Okay. This is a bit of a confusingly worded question, but I'll try to answer it as best I can.
First, it's very easy to confuse the sedative effects of benzos with the anxiolytic (or antianxiety) effect. One of the most common complaints with benzos is that patients feel the sedation wear off - because tolerance to that develops very quickly, and then have escalated panic or anxiety because they assume the medication isn't working - ironically creating more anxiety than a particular dosage can handle. Tolerance to the anxiolytic effects doesn't develop at all, or if it does it's over the course of years.
Your instinct about switching to a longer dosage is a good one. Short acting benzos, like Xanax, are good for panic attacks and lower level anxiety constant anxiety. By your account, you're experiencing a constant high level of anxiety, punctuated by panic attacks - which I'll be are provoked by day-to-day stressful experiences during that high anxiety.
In that case, it's better to go with a long acting benzo, one that isn't subject to rapidly wearing off like say, Xanax or Ativan. There are two that are commonly used here - Valium, and Klonopin. Klonopin is the better choice here, because of the slow way your body breaks it down, by dosing the drug two to three times a day you can build a very solid level of it your body, one that does not jump up and down like short acting drugs, and will stay stable even if you miss a dose. It's more or less an ideal drug for constant anxiety like you're describing. So ask your doctor about that on friday.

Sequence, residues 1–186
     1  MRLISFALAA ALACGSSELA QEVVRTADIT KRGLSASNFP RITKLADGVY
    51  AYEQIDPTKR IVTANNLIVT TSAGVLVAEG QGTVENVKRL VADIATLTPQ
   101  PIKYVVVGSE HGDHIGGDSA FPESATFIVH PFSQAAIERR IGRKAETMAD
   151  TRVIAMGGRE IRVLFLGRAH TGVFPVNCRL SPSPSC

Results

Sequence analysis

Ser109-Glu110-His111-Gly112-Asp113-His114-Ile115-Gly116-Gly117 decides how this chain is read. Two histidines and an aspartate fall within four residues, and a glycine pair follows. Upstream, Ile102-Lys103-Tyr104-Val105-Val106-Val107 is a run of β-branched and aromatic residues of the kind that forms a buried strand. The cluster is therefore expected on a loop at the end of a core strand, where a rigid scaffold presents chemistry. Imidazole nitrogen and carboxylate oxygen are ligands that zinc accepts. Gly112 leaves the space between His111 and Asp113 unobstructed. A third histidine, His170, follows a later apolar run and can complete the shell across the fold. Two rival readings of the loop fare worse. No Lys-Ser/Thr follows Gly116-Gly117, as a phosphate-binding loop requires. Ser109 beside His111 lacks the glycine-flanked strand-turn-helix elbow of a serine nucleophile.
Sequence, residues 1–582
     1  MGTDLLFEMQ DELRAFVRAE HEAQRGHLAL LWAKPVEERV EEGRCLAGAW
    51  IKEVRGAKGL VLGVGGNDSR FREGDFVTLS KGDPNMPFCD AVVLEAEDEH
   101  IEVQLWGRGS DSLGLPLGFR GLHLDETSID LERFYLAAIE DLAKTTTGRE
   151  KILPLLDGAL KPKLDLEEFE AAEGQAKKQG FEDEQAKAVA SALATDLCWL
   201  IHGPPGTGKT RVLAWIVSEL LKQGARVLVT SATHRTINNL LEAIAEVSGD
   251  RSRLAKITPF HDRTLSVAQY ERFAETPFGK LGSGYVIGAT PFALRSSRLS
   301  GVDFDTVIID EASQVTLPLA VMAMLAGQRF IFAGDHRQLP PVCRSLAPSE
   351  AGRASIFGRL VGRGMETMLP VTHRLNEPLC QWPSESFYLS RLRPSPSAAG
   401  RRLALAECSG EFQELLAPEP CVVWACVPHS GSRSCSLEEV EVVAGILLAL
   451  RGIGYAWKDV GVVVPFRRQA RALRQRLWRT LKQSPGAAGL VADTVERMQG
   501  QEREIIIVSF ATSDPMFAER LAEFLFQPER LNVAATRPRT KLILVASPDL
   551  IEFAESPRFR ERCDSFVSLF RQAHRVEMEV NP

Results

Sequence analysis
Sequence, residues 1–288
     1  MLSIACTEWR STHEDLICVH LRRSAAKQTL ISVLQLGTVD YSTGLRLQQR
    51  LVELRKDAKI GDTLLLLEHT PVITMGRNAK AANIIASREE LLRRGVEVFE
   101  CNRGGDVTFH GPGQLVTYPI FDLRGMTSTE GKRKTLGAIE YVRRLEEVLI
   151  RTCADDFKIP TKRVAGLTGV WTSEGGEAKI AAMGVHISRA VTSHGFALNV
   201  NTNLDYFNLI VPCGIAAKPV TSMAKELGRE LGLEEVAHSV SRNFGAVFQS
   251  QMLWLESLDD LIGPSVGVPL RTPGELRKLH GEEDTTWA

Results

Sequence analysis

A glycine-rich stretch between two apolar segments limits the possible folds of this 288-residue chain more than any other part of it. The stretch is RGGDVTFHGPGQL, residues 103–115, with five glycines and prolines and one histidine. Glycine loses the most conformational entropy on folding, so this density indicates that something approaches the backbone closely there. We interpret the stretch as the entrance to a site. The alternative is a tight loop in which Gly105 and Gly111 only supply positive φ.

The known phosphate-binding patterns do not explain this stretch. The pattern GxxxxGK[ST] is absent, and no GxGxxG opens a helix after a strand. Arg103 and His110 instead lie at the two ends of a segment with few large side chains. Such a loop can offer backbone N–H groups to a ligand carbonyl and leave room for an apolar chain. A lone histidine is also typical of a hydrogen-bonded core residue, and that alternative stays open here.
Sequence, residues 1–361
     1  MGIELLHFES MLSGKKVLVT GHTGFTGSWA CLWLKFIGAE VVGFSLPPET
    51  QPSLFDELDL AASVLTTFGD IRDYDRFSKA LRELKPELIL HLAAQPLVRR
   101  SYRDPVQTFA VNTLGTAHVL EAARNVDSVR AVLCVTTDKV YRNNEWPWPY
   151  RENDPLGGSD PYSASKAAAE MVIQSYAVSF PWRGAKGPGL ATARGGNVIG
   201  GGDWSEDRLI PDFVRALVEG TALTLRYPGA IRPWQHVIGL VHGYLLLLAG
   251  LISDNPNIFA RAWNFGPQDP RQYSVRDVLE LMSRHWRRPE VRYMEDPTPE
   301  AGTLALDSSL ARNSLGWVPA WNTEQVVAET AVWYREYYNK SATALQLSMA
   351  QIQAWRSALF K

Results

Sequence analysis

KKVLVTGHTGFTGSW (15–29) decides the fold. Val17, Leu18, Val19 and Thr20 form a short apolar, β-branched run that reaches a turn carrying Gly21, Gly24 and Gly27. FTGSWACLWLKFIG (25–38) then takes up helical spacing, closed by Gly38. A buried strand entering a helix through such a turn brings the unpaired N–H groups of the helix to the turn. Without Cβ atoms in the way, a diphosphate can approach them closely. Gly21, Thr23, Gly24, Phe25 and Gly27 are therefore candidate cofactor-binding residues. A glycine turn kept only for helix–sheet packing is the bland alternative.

As for addiction, as it bears mentioning, this really only shows up in certain people who have the environment, and more particularly the genetic risk factors for this - look at your family history, your parents, siblings and grandparents. Have any of them had problems with abusing substances like alcohol, marijuana or opiates? Opiate abusers make up the overwhelming majority of people who are addicted in any relation to the medical term to benzos. If there are people with these problems, you should consider yourself at risk, let your doctor know, and proceed with caution.
Especially for high level anxiety disorders, benzo therapy is more or less the gold standard, used for decades. For lesser anxiety disorders, SSRIs are now standard. One retrospective done in the US in the mid to late 90s established that there were about 5 million people who were stable on benzo therapy for a period of greater than five years - without increasing the dose, without abusing the drug, without any real problem with it.